Q. You've been racing since you were nine years old. What made you start racing?
A. Motorsport has been in my family for as long as I can remember. My Dad was into karting when he was younger and more recently he raced in the National Auto Grass Championship and won his class in 2002. My Uncle is also a motorsports fan and still races supercars so I've been around motor racing my entire life.
As a child I was quite into my football, playing for the local village football team with my friends from school. It was actually my Dad who first got me started in Karting. He thought it would be something I'd enjoy and suggested I have a go.
What surprises a lot of people is I actually hated my first experience of Karting! I was still very young and didn't know anyone at the Karting track and to be honest I was happier playing football with my friends. I wasn't very comfortable the first few times I had a go in the Kart and therefore wasn't very quick and when you're young and not immediately very good at something it doesn't really make it enjoyable!
However, my Dad encouraged me to stick at it and I'm grateful he did as I started to get better at Karting, I made a group of friends at the track and really start to enjoy it. Bit by bit I began to win races and then Championships and I started to believe that this was something that I was good at and could potentially have a career in, and the rest is history!
Q. Over the past eight years you've won ten different Championship Titles. Which one meant the most to you and why?
A. All of them are important to me but I would say that winning the CIK FIA European KF3 Championship in 2007 was a special day. It was the culmination of a perfect race weekend. I won all of the heats, plus the pre-final race and the main race; it was one of those weekends when everything came together. I was up against the best drivers in the world in the Championship and to me it is important to be able to not only win, but to be able to win against the best.
Q. What do you think are the three main qualities that make a successful racing driver?
A. I would say determination; not just on the track but away from the track too. You have to be determined to be the fittest you can so you can perform when you are in the race car and then you have to be determined to get the best qualifying and race results when you're at the track.
Natural ability is also a big factor. I believe there must be a natural ability when you are in the car which you can then build on over the months and years to be a successful racing driver.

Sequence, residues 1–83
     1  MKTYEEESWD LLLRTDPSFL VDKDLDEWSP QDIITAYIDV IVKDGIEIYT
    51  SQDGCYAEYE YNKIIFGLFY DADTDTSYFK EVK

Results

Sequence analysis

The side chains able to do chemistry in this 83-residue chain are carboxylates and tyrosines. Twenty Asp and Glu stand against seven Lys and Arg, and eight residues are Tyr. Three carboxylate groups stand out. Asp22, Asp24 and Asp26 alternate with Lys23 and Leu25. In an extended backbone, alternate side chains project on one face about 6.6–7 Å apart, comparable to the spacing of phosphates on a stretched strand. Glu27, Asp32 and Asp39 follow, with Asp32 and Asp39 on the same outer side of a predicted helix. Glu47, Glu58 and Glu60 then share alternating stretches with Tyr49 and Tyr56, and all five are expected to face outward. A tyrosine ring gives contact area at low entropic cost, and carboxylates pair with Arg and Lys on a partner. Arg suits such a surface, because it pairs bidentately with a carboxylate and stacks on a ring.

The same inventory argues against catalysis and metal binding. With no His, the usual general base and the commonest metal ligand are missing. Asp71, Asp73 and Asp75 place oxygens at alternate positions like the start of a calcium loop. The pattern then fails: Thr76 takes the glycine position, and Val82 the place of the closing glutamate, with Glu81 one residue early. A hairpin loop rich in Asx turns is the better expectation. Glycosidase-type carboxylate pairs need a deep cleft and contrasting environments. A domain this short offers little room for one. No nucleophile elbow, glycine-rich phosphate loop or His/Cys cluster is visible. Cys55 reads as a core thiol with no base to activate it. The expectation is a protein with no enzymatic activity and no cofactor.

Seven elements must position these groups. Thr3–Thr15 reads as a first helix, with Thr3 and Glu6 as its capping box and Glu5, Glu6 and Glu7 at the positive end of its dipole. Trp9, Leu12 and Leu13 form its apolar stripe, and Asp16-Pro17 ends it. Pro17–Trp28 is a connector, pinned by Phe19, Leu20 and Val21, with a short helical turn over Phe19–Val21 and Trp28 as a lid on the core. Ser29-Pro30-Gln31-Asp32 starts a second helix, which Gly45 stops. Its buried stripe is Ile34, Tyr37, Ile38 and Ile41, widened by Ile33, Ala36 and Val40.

And finally, I think it in order for a driver to succeed; he must have a good team around him or her. It's important to surround yourself with the best people and for there to be the right chemistry amongst the team. I really believe that this is the difference between achieving good results as a driver and great results.
Q. What is the best thing about being a racing driver?
A. I would say that it is the same not only for other racing drivers, but also athletes in other sports: winning and achieving a great result. To win a race or a Championship is a feeling like no other and I actually struggle to find the words to describe it. I think it may be one of those things that is impossible to understand, unless you have experienced it yourself.
The feeling you get from winning has the ability to give you that extra boost when you go into your next race. You want to win again so you can get that incredible feeling again!
Q. What is the worst thing about being a racing driver?
A. Without a question; definitely the travelling. There is a perception out there that racing drivers lead a really glamorous life; flying around the world and visiting lots of amazing countries. Yet the reality is that I don't get to see anything apart from the airport, my hotel room and the track! Some of my friends are convinced I'm on a permanent holiday which makes me laugh as the reality is that I have to get up at the crack of dawn to catch my flights, I am flat out with work from the moment I land to the moment I leave and I don't have any time to explore these amazing countries that we are racing in! I do know how lucky I am to be able to race but this is one part of my job that I definitely don't look forward to.
Q. Fitness is a big part of a racing driver's life. Talk us through the kinds of fitness training/diet you regularly do?
A. Fitness is probably the only part of my life where I have a regular routine. It is such a huge part of being a racing driver that it is my main priority at the start of each year and the first thing I get sorted.
It can get a little frustrating when people can't understand why racing drivers need to be fit as they 'only' need to turn a steering wheel! But then I suppose it's hard to appreciate the amount of physical strength and stamina needed to drive a racing car if you've not had the opportunity to do so.
I am very lucky as I have a personal trainer who works with me on my fitness. We put together a fitness plan which I follow and I do some sort of training virtually every day of the year. Diet goes hand in hand with fitness. When I first started out racing I was told exactly what to eat and when but I now have a very good grasp of what I should and shouldn't be eating so I pretty much manage my own diet. I keep a food diary from time to time to check I am on the right lines and which can be tweaked if necessary.
I find it very easy to eat healthy as I notice such a big difference in myself when I eat well – I have so much more energy, I get more done and perform at a higher level which is vital when the difference between winning a race and finishing second can be just tenths of a second.
Q. Away from the race track, what do you like to do in your spare time?
A. I actually really enjoy going to the gym. I go to be fit for racing but I enjoy it too. I also just love hanging out with my friends. To be honest I don't mind what we're doing; whether it's going to the cinema, going bowling or just hanging out at each other's homes. I just love the banter of being with my friends and being able to relax with them.
Q. What are your top three 'likes'?
A. Blackburn Rovers Football team, Spaghetti Carbonara and Michael McIntyre.
Q. What are your top three 'dislikes'?
A. Spiders, Mushrooms and Horror films.
Q. Who inspires you both inside and outside of the motorsport world?
A. To be honest there isn't one specific driver who I look at and wish to emulate. Instead I look at all of the drivers, analyse their strengths and weaknesses and then use their strengths to inspire me to do well.